Art Deco, sometimes referred to as Deco is a movement in the decorative arts and architecture that originated in the 1920s and developed into a major style in western Europe and the United States during the 1930s.
It combined modern styles with fine craftsmanship and rich materials. During its heyday, it represented luxury, glamour, exuberance, and faith in social and technological progress.
Art Deco is most commonly associated with a sleek aesthetic, symmetrical geometric shapes and bold bright colors like yellow, purple, ruby and turquoise.
Skyscrapers, furniture, and everyday objects were embellished with angular patterns like zigzags, sunburst and chevrons.
Automobiles, trains, ocean liners and other means of transport began to take on a more futuristic, aerodynamic look. Steel, glass and lacquered wood were used to achieve that sleek, modern look.
Art Deco owed something to several of the major art styles of the early 20th century. These formative influences include the geometric forms of Cubism, the machine-style forms of Constructivism and Futurism, and the unifying approach of Art Nouveau. Its highly intense colours may have stemmed from Parisian Fauvism. Art Deco borrowed also from Aztec and Egyptian art, as well as from Classical Antiquity. Unlike its earlier counterpart Art Nouveau, however, Art Deco had no philosophical basis – it was purely decorative.
Arts décoratifs was first used in France in 1858 in the Bulletin de la Société française de photographie. In 1868, the Le Figaro newspaper used the term objets d’art décoratifs for objects for stage scenery created for the Théâtre de l’Opéra. In 1875, furniture designers, textile, jewellers, glass-workers, and other craftsmen were officially given the status of artists by the French government. In response, the École royale gratuite de dessin (Royal Free School of Design), founded in 1766 under King Louis XVI to train artists and artisans in crafts relating to the fine arts, was renamed the École nationale des arts décoratifs (National School of Decorative Arts).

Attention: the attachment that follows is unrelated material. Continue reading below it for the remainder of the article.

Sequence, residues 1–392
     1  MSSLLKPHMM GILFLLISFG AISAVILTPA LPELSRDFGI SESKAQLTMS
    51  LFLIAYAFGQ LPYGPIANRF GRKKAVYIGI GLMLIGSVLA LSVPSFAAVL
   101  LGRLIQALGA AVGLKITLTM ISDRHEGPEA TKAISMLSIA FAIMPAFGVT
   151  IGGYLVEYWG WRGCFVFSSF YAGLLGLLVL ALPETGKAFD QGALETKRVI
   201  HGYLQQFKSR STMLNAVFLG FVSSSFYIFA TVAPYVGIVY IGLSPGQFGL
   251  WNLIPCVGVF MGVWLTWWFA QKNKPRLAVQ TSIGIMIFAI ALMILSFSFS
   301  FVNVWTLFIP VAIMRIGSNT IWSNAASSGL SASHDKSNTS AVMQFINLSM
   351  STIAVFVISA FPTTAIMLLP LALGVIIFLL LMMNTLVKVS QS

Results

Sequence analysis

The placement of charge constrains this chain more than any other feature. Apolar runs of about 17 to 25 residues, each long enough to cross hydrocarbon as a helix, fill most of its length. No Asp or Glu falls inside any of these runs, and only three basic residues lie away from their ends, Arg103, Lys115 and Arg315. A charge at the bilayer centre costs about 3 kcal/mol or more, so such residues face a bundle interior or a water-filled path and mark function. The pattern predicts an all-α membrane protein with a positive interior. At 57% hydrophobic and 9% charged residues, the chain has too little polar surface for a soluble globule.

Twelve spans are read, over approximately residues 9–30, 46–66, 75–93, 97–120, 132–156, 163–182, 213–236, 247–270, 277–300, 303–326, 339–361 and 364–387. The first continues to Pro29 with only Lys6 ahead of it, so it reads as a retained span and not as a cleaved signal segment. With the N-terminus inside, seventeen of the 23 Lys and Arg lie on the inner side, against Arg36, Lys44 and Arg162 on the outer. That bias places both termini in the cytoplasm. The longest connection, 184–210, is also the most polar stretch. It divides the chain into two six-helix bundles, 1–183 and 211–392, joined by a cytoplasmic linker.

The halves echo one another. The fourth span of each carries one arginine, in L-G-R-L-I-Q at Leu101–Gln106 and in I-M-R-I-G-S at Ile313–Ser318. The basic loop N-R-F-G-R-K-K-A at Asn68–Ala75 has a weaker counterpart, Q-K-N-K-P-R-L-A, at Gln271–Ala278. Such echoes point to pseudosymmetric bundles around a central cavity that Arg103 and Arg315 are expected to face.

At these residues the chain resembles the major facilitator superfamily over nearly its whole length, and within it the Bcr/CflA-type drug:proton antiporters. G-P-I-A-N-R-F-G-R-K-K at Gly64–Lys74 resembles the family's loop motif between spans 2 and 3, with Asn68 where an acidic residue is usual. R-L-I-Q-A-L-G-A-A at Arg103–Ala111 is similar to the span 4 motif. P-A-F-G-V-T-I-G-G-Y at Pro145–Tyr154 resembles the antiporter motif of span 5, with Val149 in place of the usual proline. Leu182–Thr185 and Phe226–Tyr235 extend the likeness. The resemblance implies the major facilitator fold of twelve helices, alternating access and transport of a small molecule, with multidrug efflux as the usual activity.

The Théâtre des Champs-Élysées (1910–1913), by Auguste Perret, was the first landmark Art Deco building completed in Paris. Previously, reinforced concrete had been used only for industrial and apartment buildings, Perret had built the first modern reinforced-concrete apartment building in Paris on rue Benjamin Franklin in 1903–04.
At the 1925 Exposition, architect Le Corbusier wrote a series of articles about the exhibition for his magazine L’Esprit Nouveau, under the title “1925 EXPO. ARTS. DÉCO.”, which were combined into a book, L’art décoratif d’aujourd’hui (Decorative Art Today). The book was a spirited attack on the excesses of the colourful, lavish objects at the Exposition, and on the idea that practical objects such as furniture should not have any decoration at all; his conclusion was that “Modern decoration has no decoration”.
The Art Deco style, adopted by architects and designers around the world, spanned the “Roaring Twenties”, the Great Depression of the early 1930s, and the years leading up to the Second World War. It suffered a decline in popularity during the late 30s and early 40s, when it began to be seen as too gaudy and ostentatious for wartime austerity, after which it quickly fell out of fashion.
Although the style went out of fashion in most places during World War II, beginning in the late 1960s there was a renewed interest in Art Deco design. Into the 21st century Art Deco continued to be a source of inspiration in such areas as decorative art, fashion, and jewelry design.
The actual term “art déco” did not appear in print until 1966, in the title of the first modern exhibition on the subject, held by the Museum of Decorative Arts in Paris, Les Années 25 : Art déco, Bauhaus, Stijl, Esprit nouveau, which covered the variety of major styles in the 1920s and 1930s. The term was then used in a 1966 newspaper article by Hillary Gelson in The Times (London, 12 November), describing the different styles at the exhibit.
Some of the most outstanding examples of Art Deco design can be found in New York City. These include the stunning Chrysler Building, designed by architect William Van Alen, with its polished stainless-steel spire that became an emblem of modernity.
The Empire State Building, designed by Shreve, Lamb & Harmon is another emblem of the Art Deco era, built in 1931, with bold, angular shapes and a streamlined simplicity that filled the city of New York with hope and optimism for the post-war future.
Art Deco was the design choice for movie theaters of the era, such as Grauman’s Egyptian Theater in Los Angeles and Radio City Music Hall in New York City.
Art Deco was also the guiding principle for stylish transportation, such as Bugatti Type 57SC Atlantic automobiles, trains like Henry Dreyfuss’ 20th Century Limited and luxury liners like the Queen Mary.